The Rummage Sale went from 7 am to 6 pm both days. We had a lot more business on Friday than Saturday. The 11 hours each day just sitting there was killer. So was the preparation for this fundraiser. We have a nice size house and garage, and for the past three months, our home has been a disaster area. To organize the items, we would bring them into the house. It was a lot of work. Boxes would come in, get dumped on the floor, then each item would be looked at. If the item was in sellable (no pieces missing or no nasty stains on it) we would price it, fold it, and put it in a box. It was a lot of work. We brought in quite a bit of money, but it was a lot of work. We still have a lot of stuff – enough for a rather large rummage sale. It cost $34.50 to run the ad in the paper.
Profit: $973.50


E-Bay Liberty Blue Sale – June 15, 2000

A friend of the family donated to us a set of beautiful Liberty Blue dinnerware for our rummage sales. Each piece had scenes from the American Revolution, and were made in 1976 as part of a bicentennial commemorative series. They were so pretty that we decided to get online and see if we could find out if they were worth anything — they were. On E-Bay, entire sets were going for close to $1,000! We informed the donator, but she said we could keep them.

She had given us 8 cups and saucers, 4 coffee mugs, 6 fruit and berry bowls, 7 bread and butter dishes, 4 luncheon plates, 4 salad plates, 4 coasters, 2 rimmed soup bowls, a creamer, a round vegetable bowl, an oval vegetable bowl, and a covered vegetable bowl with a lid. We wound up selling all of the pieces on E-Bay. The auction brought in $407.25. Unfortunately, one shipment was badly damaged and we refunded the $28 cost. It cost $37.50 to auction these items on E-Bay.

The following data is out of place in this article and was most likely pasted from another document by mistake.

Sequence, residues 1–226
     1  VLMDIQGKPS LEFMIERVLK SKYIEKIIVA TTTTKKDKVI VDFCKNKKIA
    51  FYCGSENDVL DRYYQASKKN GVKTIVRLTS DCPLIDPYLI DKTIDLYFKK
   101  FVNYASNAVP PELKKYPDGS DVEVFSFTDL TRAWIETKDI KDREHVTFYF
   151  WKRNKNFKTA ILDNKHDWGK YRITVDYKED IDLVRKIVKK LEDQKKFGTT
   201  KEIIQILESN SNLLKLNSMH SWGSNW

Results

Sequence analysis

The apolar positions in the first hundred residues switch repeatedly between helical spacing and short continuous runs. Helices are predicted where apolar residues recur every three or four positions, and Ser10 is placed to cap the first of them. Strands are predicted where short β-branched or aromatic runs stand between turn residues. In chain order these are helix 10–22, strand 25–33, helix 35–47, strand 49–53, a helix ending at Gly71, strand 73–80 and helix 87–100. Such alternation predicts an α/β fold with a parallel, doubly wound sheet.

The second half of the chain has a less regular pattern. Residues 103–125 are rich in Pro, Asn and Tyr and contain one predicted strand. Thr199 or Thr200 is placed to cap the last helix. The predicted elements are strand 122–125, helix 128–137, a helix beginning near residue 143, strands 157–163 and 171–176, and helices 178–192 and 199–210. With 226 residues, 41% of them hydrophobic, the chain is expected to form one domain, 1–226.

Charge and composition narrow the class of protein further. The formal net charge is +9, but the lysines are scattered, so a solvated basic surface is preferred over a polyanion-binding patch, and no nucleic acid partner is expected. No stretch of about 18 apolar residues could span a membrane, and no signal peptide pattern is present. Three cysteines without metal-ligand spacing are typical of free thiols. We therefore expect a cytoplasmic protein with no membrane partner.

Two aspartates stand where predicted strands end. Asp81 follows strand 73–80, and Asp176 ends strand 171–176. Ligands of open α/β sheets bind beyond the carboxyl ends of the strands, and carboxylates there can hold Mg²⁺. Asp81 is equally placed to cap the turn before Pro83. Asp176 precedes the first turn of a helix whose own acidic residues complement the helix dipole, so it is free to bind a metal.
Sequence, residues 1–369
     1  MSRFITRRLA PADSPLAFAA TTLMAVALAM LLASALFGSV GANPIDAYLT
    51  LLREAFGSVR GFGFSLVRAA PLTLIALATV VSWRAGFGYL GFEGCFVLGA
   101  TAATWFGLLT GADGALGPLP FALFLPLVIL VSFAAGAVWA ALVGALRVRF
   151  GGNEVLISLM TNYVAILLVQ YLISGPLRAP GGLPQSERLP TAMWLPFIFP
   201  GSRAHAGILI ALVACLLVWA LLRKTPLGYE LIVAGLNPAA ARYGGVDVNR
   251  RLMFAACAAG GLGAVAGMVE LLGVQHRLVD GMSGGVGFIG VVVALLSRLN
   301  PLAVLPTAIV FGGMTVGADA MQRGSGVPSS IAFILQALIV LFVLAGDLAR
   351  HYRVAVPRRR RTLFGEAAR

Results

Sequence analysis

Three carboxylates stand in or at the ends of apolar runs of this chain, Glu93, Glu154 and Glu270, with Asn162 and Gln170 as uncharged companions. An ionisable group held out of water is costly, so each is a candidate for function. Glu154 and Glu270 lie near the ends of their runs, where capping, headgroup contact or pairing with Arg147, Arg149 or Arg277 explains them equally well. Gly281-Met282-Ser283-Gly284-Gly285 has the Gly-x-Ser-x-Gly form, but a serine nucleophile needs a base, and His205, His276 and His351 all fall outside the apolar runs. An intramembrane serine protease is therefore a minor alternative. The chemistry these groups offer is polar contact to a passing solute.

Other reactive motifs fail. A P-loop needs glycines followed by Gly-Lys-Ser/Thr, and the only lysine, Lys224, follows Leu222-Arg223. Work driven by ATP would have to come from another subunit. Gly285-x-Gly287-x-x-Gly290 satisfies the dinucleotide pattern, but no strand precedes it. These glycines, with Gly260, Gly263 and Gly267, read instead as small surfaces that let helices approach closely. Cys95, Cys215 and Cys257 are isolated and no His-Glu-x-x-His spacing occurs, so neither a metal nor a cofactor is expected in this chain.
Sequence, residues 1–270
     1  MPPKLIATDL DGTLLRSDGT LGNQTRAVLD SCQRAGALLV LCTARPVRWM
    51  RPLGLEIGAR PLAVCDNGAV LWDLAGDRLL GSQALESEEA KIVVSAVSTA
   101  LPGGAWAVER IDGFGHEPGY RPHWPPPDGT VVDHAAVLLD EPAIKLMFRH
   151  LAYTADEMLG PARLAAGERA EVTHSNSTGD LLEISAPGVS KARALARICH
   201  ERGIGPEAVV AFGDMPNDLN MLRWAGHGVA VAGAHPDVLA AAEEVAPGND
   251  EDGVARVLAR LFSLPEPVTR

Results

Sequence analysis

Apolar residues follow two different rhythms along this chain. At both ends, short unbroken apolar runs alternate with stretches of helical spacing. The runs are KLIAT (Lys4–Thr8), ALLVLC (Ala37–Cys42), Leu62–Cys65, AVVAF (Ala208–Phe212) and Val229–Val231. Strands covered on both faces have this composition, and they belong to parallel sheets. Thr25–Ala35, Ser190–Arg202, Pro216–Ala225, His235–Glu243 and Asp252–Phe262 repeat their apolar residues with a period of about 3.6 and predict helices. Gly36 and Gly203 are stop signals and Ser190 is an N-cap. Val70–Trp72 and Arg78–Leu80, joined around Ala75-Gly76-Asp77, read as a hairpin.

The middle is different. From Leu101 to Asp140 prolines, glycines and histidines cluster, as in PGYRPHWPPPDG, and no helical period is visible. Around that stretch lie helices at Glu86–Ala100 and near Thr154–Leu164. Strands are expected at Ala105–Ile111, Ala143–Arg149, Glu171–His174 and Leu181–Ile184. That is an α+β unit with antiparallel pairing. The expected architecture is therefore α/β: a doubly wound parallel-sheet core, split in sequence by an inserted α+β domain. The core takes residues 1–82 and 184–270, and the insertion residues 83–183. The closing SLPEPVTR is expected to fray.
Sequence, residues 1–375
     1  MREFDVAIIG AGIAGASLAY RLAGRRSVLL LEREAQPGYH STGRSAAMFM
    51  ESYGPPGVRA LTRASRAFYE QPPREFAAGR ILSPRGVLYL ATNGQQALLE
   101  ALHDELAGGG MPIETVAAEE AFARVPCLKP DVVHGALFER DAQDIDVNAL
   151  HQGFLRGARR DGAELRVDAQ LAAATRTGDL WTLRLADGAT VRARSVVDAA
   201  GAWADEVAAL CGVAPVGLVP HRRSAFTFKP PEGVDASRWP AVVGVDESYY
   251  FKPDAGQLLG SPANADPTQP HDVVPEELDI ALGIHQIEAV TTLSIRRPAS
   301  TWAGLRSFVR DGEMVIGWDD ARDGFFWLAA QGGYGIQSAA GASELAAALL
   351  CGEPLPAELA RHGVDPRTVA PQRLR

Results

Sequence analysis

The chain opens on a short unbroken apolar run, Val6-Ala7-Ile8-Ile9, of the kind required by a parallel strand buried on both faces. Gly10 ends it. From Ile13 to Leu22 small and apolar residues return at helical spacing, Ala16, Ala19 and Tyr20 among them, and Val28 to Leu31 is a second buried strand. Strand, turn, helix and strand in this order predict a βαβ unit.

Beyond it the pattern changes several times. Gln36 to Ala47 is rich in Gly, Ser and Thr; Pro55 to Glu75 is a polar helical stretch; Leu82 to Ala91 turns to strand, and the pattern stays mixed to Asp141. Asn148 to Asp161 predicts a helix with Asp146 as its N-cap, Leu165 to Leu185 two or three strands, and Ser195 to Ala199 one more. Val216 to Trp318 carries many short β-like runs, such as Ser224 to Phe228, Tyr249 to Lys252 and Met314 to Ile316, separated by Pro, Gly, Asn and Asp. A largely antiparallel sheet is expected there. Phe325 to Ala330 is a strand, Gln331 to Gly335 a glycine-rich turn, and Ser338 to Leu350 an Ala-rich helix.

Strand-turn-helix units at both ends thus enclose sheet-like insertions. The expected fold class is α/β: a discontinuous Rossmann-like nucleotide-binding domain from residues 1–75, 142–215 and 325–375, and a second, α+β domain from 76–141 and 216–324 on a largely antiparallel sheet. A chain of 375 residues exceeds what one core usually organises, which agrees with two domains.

Profit: $341.75


Spaghetti Dinner at Fazoli’s Restaurant – June 16, 2000

Fazoli’s Restaurant offers a wonderful fundraising opportunity for good causes. On Friday and Saturday evenings, Fazoli’s allows groups to do a spaghetti dinner fundraiser. They allow you to place an opaque container next to the cash register(s) for accepting cash donations. One individual must stand at the doorway, greet customers, explain what the fundraiser is for, and hand them your fundraiser flyer if desired. Another individual must pass out breadsticks to the
customers.

In return, Fazoli’s will donate $1 for every deluxe spaghetti dinner purchased in the dining room during this time. The manager told us that an average fundraiser night will generate about $40 to $50. However, the more advertising the group does, the more people will come and generate more money. The most a fundraiser has raised at this location was $1,200 over a two night fundraiser.